Most people recognize that distracted driving is dangerous, as there have been many campaigns intended to raise awareness about the hazard of mobile devices used by those driving vehicles. However, distraction remains a consistent safety concern that causes thousands of preventable traffic deaths every year in the United States.
The average motorist will be able to spot at least a few distracted drivers on any given drive, as many people do not even attempt to hide that they have their phones in their hands while driving. Despite near-universal awareness of the risks and laws intended to deter people from distracted driving, it remains a major safety concern. There are a few fairly obvious reasons why distracted driving is such a challenging issue to address.
People can’t bring themselves to disconnect
Digital distraction, in particular, is challenging to resolve because it connects to addictive behaviors in individual motorists. People feel like they need to respond instantly when they get a message from someone else and may struggle to set their phone down or ignore incoming notifications. Even hands-free systems intended to enhance driver safety are still a source of distraction, and drivers may pick up their phones to look over a message before sending it to check for accuracy. Most people tell themselves that just checking a single message isn’t a major issue, but then they continue doing so repeatedly through a drive and every time they get behind the wheel, which adds up to significantly enhanced risk.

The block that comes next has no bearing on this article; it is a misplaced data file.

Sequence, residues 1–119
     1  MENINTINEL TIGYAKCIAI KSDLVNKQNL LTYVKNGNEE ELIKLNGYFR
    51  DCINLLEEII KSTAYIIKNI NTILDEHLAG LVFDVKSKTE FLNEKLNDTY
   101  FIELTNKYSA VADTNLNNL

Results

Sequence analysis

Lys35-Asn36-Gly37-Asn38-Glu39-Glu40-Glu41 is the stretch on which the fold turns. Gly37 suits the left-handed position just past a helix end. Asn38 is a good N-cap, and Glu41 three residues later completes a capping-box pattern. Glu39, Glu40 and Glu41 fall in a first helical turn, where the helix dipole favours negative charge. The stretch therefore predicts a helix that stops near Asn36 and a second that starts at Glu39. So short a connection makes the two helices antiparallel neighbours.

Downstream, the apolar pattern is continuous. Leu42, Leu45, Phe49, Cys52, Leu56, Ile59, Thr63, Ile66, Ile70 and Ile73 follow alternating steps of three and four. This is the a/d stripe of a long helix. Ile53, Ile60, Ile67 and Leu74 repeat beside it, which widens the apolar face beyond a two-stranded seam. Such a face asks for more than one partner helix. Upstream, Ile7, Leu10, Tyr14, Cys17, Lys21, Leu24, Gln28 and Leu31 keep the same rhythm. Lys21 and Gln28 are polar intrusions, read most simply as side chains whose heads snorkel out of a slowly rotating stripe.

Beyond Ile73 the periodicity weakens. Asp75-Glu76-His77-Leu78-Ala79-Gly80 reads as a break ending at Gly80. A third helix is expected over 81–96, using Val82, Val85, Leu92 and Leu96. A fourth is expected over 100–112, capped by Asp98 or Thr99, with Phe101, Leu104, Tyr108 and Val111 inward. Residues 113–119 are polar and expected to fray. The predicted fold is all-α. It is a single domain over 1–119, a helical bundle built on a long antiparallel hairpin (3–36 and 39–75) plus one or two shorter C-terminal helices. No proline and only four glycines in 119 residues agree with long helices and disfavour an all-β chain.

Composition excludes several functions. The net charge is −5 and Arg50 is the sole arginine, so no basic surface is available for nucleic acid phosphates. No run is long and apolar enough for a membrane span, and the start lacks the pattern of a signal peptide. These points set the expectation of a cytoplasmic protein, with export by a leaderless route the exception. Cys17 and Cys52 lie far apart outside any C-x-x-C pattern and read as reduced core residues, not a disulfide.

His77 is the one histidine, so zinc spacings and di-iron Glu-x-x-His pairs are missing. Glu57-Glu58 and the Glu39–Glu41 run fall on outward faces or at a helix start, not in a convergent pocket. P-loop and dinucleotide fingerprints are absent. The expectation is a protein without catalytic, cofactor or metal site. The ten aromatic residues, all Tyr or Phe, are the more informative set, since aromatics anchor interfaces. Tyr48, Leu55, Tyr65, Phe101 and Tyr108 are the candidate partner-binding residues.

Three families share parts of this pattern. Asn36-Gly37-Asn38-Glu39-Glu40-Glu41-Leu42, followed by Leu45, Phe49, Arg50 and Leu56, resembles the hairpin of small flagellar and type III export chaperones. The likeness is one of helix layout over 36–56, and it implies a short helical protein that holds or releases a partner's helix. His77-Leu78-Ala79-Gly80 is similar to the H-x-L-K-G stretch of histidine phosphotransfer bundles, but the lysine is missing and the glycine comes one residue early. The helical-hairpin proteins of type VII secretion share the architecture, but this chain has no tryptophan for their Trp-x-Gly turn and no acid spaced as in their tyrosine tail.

Distraction isn’t just about devices
Another reason that distraction at the wheel is such a difficult issue to address is that many people only think about mobile phones and similar sources of digital distraction when trying to improve public safety. However, distracted driving includes all kinds of activities, including drinking a coffee on the way to work, putting on makeup at a stoplight or having an intense conversation with a passenger. Any activities that keep someone from fully focusing on driving are a distraction, and it is virtually impossible to pass legislation prohibiting all forms of distraction at the wheel.
Motorists can reduce their personal risk by acknowledging and avoiding sources of distraction and trying to identify distracted drivers on the road. Adjusting personal habits for the risk factors that contribute to most crashes might help someone stay safer or at least avoid personal responsibility for a crash.